How to Get Rid of Creeping Charlie Ground Ivy
Creeping Charlie Control
Creeping charlie is a type of ground ivy that blooms clusters of small purple flowers in the spring. While the flowers might look nice, the plant can totally ruin a beautiful lawn if neglected. Within a few months, the roots spread over a lawn, choking the grass until it can no longer grow.
I had a creeping charlie infestation in my lawn once, but I was able to get rid of the plant, using a couple different methods. The key is to control the weed in early spring before it has a chance to spread or drop seeds for new growth.
Creeping Charlie Herbicide
Re-applying a broadleaf herbicide killed most of the creeping charlie invading my grass. I used the bottles that fasten to the garden hose. Not all herbicides kill this plant though. I tried at least four different products, but the two that worked best are Spectracide Weed Stop and Trimec. Both of these products contain higher concentrations of the chemical dicamba, which kills the invasive weed.
One application is not enough to kill this plant. Creeping charlie herbicide should be sprayed on the weed in early spring when its purple flowers bloom. Within a few days after applying the herbicide, the flowers, leaves and stems turn brown and the plant shrivels. The chemical should be applied again in the summer and late fall to prevent the plant from growing come spring.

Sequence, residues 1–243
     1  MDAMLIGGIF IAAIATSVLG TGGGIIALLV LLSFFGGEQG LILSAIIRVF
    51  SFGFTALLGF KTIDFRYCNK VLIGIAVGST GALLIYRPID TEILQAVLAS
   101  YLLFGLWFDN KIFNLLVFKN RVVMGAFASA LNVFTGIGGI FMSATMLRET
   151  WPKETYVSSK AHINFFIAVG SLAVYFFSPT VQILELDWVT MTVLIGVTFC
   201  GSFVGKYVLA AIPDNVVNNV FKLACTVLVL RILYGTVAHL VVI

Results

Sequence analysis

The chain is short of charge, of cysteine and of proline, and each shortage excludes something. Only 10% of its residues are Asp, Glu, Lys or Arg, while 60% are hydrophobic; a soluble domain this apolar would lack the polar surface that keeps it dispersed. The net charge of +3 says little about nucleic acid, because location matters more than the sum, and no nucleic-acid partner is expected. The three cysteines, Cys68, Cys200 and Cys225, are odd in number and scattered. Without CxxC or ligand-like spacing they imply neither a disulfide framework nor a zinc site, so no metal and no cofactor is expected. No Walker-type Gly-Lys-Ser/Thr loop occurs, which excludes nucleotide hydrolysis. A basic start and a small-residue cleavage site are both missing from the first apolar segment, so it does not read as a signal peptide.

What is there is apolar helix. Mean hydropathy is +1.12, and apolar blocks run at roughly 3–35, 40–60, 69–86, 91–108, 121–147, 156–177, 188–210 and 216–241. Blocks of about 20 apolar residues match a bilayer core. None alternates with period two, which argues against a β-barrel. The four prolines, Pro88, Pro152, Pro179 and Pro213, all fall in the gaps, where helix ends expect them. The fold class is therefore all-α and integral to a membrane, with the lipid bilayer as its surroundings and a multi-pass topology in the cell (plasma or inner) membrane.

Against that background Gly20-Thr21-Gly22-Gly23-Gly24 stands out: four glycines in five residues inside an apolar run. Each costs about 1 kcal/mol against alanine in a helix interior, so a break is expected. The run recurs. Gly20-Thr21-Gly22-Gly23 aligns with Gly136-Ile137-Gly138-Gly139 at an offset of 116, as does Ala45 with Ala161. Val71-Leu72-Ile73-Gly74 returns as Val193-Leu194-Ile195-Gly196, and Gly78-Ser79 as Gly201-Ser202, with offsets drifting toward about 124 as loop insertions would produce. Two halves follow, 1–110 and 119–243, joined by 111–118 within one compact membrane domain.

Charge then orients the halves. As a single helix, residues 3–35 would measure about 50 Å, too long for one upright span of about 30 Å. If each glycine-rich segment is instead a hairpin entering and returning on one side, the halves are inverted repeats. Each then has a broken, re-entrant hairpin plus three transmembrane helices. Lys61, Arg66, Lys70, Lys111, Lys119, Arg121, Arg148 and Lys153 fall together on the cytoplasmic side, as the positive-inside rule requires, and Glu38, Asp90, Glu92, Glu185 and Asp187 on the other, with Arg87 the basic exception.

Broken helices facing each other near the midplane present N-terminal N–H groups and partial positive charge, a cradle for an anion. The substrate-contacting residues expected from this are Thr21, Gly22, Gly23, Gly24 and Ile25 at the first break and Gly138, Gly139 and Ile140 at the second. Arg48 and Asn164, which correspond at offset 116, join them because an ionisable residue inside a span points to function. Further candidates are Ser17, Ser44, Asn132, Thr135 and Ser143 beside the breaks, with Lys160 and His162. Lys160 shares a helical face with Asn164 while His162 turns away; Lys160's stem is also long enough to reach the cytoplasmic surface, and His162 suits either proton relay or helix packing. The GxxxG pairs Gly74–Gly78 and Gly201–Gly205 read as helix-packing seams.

The grass should not be cut for at least three days after applying herbicide. After each mowing, the shriveled weeds became smaller and eventually crumble into the ground.
Pull Ground Ivy Out By Hand
Nobody enjoys pulling weeds, but for those who don't want to spray chemicals in their lawn, it's an effective way to get rid of the weed. Even if a creeping charlie herbicide is used, the chemicals won't kill every single weed in the yard. Living parts of the plant will remain and should be removed by hand.
A de-thatching rake works well for removing dead, dried up ground ivy. Make sure you rake out the entire plant, including the roots, or it could grow back. Pulling ground ivy out by hand is actually pretty easy. Unlike dandelions, which have a deep root, creeping charlie roots are shallow and can be pulled out easily without a spade.
Plant Grass Seed and Fertilize
Unhealthy, thin grass, is what allows creeping charlie to spread more easily over a lawn. Improving the quality of the grass will help prevent the weed from worsening or returning after removal.
After eradicating creeping charlie weeds from my lawn, there were many bare spots where the weed had prevented the grass from growing. My grass was thin to begin with, which had allowed the weed to flourish and takeover, but after planting grass seed and applying fertilizer, new grass filled in the bare spots.
Aerating your lawn and cutting the grass high, allows grass to grow thicker to prevent the weed from growing. Be consistent with a fertilizing schedule.